Mexico's Popocetépetl volcano erupted early Sunday (2 July) morning, sending a column of smoke and ash soaring into the sky, the National Disaster Prevention Center announced. Officials said there were 136 low-intensity exhalations from the volcano recorded.
Ash fallout was reported in several towns in Mexico State, including Ozumba, Amecameca, Tlalmanalco, Chalco, Ayapango, Tenango del Aire and San Pedro Nexapa, El Sol de Mexico reported.
Luis Felipe Puente, the national coordinator of Civil Protection, said the eruption had sent a column 2 kilometres (1.2miles) into the sky.
The volcano's opening was glowing at night as it erupted, El Sol de Mexico reported. During the day, the volcano continued to erupt, sending smoke and ash in a northeastern direction. Three eruptions were recorded with a moderate amount of ash pushed northeast of the volcano.
According to El Universal, Puente also shared recommendations in light of ash fallout from the eruption. He suggested residents sweep roofs, attics, patios and streets of all ash and place the ash in bags so it does not get into the water system. He also recommended residents close windows and remain at home.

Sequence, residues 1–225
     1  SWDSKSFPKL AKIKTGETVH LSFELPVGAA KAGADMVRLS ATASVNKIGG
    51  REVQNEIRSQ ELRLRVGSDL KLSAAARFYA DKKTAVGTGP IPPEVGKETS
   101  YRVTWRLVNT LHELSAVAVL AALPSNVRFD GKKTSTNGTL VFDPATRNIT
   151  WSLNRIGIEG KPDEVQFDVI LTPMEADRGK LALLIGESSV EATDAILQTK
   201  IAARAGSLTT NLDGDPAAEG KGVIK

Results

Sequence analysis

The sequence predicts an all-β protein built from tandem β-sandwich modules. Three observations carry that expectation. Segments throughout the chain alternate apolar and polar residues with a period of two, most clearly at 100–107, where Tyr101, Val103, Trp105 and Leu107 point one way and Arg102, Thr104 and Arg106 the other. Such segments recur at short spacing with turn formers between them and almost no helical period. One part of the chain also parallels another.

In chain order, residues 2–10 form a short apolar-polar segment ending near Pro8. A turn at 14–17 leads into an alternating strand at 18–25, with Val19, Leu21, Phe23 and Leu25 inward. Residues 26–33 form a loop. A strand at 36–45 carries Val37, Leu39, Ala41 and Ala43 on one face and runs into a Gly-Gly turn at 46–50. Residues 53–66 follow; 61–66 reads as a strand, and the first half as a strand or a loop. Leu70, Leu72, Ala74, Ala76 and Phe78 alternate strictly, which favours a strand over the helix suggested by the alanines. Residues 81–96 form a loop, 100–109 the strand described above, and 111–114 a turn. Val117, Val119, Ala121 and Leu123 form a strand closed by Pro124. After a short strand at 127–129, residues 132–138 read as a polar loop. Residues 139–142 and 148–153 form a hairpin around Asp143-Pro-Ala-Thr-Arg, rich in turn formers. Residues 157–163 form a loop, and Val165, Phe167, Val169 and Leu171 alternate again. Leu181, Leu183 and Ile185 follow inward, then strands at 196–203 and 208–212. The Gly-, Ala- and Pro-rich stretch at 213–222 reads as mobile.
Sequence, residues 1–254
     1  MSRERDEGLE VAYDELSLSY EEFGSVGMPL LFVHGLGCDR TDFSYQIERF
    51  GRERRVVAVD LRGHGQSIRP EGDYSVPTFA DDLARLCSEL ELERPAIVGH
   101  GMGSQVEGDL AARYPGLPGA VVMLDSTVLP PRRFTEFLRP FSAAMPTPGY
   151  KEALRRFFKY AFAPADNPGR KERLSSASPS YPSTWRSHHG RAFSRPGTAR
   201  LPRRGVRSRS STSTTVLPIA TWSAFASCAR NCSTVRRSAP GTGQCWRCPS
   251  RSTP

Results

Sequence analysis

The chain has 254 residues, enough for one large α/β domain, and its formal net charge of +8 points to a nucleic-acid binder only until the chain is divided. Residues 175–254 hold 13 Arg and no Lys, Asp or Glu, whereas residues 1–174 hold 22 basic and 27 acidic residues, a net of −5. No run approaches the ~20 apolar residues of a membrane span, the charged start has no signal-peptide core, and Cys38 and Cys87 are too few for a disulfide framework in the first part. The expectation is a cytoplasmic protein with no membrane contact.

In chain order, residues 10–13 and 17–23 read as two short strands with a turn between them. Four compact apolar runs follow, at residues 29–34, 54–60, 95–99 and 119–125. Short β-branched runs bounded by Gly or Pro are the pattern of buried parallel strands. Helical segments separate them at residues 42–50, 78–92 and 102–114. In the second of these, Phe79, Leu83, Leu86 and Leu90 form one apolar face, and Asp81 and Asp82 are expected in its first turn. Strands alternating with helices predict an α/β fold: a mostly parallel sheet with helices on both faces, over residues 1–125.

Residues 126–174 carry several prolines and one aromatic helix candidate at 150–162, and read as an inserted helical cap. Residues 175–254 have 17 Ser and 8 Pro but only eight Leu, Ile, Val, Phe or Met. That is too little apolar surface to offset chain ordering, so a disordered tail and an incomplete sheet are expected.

Residents were warned to close any outdoor water supplies to avoid contamination. Puente also urged residents to cover their noses and mouths with masks or damp handkerchiefs.
The volcano is being placed in a Yellow Phase 2, which means it could continue to erupt at low to intermediate intensity. Authorities are asking that residents to remain away from the volcano and have set up a perimeter of 12 kilometres.